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Discovery of Causal gene mutation responsible for two dissimilar neurological diseasesAmyotrophic Lateral Sclerosis (ALS) and Frontotemporal Dementia (FTD)

 

Reporter: Aviva Lev-Ari, PhD, RN

Expanding the Genetics of Amyotrophic Lateral Sclerosis (ALS) and Frontotemporal Dementia (FTD)

Ground-breaking study, identifying a causal gene mutation for two dissimilar neurological diseases.

 

TALK Date:

Wednesday, August 7

Time:

10:00 am PT / 1:00 pm ET

Speakers:

Bryan Traynor, MD, Ph.D.

Investigator Head, Neuromuscular Diseases Research Unit 

Laboratory of Neurogenetics National Institute of Aging, National Institutes of Health 

Abstract

Dr. Bryan Traynor and his team participated in a ground-breaking international study, identifying a causal gene mutation responsible for two dissimilar neurological diseases, ALS and FTD. As members of a worldwide consortium, his research team used next-generation sequencing to identify a large hexanucleotide repeat that disrupts the C9ORF72 gene located on chromosome 9. The mutation accounts for approximately 40% of all familial cases of ALS and FTD in European and North American populations, and also ~1% of Alzheimer’s disease cases. ALS, also known as Lou Gehrig’s disease, is a fatal neurodegenerative disorder that leads to rapidly progressive paralysis and respiratory failure. Frontotemporal dementia (FTD) is the most common form of dementia in the population under the age of 65.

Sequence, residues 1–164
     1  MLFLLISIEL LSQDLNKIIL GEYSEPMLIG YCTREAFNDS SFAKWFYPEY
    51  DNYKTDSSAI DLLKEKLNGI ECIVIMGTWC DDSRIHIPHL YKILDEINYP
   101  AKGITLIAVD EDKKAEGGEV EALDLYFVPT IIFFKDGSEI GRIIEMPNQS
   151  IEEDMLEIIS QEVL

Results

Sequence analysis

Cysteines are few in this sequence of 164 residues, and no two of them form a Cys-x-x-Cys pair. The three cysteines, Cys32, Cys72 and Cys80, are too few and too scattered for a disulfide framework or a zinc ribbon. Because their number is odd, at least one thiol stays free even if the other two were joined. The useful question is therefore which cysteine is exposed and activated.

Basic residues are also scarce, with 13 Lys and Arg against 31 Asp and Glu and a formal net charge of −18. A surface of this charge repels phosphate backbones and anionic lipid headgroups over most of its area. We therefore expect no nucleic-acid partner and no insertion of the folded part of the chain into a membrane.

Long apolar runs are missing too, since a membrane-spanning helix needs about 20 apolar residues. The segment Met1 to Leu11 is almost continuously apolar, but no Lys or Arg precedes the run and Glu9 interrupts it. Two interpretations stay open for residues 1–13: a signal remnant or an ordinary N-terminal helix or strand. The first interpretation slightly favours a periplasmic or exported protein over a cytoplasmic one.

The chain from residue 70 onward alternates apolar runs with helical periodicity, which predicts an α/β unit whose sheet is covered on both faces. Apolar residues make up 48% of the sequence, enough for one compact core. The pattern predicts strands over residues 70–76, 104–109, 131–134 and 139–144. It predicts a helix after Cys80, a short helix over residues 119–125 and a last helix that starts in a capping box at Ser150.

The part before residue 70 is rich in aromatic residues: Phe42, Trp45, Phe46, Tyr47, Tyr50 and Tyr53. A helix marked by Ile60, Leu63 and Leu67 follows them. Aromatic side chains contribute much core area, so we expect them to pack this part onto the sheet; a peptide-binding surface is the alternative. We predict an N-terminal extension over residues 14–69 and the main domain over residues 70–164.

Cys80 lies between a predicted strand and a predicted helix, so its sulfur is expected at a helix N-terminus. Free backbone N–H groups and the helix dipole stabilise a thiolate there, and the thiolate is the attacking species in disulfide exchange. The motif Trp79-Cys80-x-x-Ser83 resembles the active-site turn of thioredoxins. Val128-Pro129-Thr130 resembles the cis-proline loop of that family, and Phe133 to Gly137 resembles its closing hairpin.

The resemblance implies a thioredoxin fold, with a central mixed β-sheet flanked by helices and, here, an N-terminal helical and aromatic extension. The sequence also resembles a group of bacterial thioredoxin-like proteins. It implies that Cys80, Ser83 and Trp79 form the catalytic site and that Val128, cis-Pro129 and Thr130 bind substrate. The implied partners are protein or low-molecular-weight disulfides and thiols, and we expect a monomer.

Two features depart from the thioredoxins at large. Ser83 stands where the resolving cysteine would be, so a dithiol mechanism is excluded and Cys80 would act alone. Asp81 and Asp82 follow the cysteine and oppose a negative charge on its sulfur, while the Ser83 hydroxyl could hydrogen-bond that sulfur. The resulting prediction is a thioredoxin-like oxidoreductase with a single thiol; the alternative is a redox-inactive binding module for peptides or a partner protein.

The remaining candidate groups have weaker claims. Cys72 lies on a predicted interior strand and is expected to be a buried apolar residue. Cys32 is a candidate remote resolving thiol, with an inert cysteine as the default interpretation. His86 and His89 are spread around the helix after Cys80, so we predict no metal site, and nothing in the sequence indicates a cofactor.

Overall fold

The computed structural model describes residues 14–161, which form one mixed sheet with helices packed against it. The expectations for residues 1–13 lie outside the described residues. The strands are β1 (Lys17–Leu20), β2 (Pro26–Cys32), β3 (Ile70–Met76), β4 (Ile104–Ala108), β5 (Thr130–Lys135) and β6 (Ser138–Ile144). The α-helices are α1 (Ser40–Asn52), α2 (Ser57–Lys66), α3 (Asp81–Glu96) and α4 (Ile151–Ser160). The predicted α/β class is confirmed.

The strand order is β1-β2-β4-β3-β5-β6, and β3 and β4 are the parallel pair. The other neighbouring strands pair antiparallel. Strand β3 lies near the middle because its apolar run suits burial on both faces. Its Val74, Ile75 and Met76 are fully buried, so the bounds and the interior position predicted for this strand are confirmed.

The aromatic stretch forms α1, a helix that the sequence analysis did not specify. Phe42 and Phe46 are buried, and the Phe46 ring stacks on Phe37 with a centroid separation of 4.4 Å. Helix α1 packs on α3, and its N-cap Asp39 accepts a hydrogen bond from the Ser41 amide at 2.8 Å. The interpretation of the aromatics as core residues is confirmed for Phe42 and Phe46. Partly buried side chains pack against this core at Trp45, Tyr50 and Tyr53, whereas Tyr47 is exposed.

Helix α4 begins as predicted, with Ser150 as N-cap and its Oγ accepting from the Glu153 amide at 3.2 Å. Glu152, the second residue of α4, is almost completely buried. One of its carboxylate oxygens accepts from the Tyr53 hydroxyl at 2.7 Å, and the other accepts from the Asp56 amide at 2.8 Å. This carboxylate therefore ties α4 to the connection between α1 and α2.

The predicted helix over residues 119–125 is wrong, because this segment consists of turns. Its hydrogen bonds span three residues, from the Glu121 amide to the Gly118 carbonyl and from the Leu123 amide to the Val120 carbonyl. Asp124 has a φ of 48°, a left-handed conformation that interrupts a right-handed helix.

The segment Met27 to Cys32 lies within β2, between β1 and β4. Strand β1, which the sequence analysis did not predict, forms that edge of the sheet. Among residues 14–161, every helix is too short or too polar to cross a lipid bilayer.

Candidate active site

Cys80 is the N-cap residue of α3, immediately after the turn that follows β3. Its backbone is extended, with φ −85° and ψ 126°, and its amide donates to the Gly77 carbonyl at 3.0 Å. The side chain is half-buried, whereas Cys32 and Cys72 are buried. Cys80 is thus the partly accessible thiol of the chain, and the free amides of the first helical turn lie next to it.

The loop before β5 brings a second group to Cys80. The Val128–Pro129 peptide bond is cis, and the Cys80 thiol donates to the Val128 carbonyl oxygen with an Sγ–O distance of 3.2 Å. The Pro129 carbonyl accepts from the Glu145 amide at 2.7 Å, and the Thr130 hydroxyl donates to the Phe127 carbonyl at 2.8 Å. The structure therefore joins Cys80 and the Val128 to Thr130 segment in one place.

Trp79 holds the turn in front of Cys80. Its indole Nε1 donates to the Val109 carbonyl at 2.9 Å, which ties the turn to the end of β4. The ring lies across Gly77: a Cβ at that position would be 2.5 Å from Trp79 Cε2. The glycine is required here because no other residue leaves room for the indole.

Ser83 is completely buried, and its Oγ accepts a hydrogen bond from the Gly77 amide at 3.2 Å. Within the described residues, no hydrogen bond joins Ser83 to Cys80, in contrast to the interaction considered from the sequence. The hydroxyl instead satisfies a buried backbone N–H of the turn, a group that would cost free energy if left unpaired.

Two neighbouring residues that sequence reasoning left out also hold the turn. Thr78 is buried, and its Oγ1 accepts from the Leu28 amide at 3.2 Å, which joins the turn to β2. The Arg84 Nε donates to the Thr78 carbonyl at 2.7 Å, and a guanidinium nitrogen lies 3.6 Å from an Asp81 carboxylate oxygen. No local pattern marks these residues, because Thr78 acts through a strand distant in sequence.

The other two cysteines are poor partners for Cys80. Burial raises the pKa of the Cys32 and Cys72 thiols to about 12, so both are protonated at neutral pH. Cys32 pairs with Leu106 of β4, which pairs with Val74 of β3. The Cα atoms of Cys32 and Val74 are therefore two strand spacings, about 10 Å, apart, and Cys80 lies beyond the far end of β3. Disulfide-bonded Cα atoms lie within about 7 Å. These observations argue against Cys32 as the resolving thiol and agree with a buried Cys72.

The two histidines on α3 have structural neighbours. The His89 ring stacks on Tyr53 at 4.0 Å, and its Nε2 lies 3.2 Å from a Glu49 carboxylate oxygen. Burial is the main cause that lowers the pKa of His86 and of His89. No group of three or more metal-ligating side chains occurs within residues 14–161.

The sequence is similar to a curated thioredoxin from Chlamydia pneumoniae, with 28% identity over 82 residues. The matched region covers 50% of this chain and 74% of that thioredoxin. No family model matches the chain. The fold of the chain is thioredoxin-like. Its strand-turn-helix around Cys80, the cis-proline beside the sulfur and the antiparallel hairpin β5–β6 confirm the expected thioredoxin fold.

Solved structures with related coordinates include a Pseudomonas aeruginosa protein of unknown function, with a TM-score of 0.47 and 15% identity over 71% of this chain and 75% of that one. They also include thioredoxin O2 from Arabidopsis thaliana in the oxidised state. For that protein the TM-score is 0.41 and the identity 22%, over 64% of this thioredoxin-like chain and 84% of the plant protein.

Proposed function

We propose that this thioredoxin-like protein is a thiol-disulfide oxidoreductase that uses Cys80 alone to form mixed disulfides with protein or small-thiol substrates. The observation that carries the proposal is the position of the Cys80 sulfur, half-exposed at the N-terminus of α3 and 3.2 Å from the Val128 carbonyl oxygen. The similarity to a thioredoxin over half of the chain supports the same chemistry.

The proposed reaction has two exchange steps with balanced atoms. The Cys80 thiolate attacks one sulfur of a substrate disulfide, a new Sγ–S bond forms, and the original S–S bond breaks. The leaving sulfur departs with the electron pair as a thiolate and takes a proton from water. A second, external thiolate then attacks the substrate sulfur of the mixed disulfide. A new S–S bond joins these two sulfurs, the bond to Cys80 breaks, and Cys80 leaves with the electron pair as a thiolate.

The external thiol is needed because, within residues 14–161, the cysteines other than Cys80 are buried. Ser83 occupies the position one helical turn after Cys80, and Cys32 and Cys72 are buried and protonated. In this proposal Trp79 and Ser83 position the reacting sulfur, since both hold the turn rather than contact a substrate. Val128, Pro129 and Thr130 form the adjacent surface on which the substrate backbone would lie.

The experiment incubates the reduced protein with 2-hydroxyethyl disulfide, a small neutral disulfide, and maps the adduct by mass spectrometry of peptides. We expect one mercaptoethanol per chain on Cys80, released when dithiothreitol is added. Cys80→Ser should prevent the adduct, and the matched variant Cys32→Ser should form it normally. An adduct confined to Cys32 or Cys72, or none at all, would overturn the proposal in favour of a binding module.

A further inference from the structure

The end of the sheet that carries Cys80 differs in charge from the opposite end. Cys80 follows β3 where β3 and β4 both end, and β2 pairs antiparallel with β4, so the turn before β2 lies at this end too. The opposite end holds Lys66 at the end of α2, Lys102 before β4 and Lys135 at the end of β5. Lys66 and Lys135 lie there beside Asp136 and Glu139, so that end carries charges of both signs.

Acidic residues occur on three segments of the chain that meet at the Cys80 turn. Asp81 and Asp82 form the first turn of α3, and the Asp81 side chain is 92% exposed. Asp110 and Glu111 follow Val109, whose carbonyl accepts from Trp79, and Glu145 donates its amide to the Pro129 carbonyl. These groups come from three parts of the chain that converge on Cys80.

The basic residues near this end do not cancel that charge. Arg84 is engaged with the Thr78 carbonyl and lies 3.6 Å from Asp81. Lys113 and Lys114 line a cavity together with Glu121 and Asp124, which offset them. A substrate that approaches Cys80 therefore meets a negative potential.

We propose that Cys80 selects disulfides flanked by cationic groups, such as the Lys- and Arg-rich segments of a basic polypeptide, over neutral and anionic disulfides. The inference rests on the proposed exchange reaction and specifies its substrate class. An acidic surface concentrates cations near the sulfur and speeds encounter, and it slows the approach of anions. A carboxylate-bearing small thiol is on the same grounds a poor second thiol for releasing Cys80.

This landmark discovery has impacted how these neurological disorders are diagnosed, investigated and perceived. It also provides a distinct therapeutic target for gene therapy efforts aimed at ameliorating these diseases. 

SOURCE

Illumina

illumina@admail.directeffectmedia.com

 

 

 

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